During the '35th Cannes International Film Festival' (14th-26th May 1982), German director Wim Wenders asked a sample of 15 other international film directors to get, each one at a time, ... See full summary »
On location in Portugal, a film crew runs out of film while making their own version of Roger Corman's Day the World Ended (1955). The producer is nowhere to be found and director Friedrich... See full summary »
The most complete, newly restored version of Nicholas Ray's experimental masterpiece embodies the director's practice of film-making as a "communal way of life." Ray plays himself in the ... See full summary »
In 17th-century Salem, Hester Prynne must wear a scarlet A because she is an adulteress, with a child out of wedlock. For seven years, she has refused to name the father. A vigorous older ... See full summary »
Director Nicholas Ray is eager to complete a final film before his imminent death from cancer. Wim Wenders is working on his own film Hammett (1982) in Hollywood, but flies to New York to help Ray realize his final wish. Ray's original intent is to make a fiction film about a dying painter who sails to China to find a cure for his disease. He and Wenders discuss this idea, but it is obviously unrealistic given Ray's state of health.Written by
Karl Engel <firstname.lastname@example.org>
I didn't come here to talk about dying Nic... but we might have to.
But we might have to?
I was looking forward to seeing you, because I need your advice. You told me on the phone that you wanted to see me, but I was afraid to come too. And I think I'd rather tell you right now; why. I was aware that I'd see you in weakness, and... that... you might be worried about being seen this way. But I feel it's okay now. There is something else that came to my mind in the plane last night, that I'm ...
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After Nicholas Ray died, Wenders was too depressed to help edit the film, so he left it to Peter Przygodda. Przygodda spent a year working on it and this was the 116-minute version shown at the Cannes Film Festival. Wenders however, was disturbed by this version and found it depressing and obscure. He spent three months with Chris Sievernich re-editing the film. Aside from cutting more than 25 minutes, he added more footage of Susan as well as his narration of Ray's diary. This 91-minute version is the one distributed by the Wim Wenders Foundation. See more »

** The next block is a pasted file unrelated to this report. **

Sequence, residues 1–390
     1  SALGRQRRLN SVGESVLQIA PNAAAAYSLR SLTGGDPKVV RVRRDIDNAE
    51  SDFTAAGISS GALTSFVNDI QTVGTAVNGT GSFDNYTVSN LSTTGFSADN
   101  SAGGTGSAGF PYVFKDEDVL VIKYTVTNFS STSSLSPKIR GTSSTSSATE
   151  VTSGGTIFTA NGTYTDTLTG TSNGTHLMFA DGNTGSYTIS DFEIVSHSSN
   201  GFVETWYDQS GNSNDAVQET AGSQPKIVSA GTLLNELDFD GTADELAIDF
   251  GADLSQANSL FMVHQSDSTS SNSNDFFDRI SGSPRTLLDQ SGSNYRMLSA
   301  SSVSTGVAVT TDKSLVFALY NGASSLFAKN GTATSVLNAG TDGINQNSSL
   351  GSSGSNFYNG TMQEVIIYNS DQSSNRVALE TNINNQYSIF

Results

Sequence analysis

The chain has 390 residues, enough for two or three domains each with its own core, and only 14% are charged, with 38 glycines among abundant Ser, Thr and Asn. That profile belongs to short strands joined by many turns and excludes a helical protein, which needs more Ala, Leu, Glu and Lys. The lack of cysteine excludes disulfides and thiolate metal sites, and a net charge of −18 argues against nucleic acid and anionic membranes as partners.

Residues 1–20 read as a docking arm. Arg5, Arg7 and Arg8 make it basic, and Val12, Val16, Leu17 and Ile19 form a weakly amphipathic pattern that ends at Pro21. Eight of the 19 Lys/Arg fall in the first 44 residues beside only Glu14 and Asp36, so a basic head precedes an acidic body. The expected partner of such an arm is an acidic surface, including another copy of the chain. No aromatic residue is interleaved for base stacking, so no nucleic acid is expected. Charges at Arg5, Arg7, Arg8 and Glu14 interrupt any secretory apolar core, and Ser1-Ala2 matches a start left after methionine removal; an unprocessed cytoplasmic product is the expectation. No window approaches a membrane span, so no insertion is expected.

Wenders gives the viewer the impression that this is a simple movie, but it is not. Fans of Wenders will recognize director Nicholas Ray's apartment as a location for the film, American Friend. But not only is Ray simply dying, he dies, and the "documentary" has to change, and so it does, with grace, pain, uncertainty, and a host of other emotions and observations. The music, much of it featuring Ronee Blakley, doing what sounds like an attempt at light punk rock and country-folk rock, with a definite Patti Smith influence, is very effective. Like every film I have seen by Wenders, it looks beautiful and often unusual, and the pacing is leisurely, and by Hollywood standards, slow. However, anyone who likes Wenders and likes Ray--and let's face it, if you say you are a fan of American film, and you neither like nor know Nicholas Ray, you are an ignorant piker, poser--will benefit from screening this movie, and probably be moved like hell by it.
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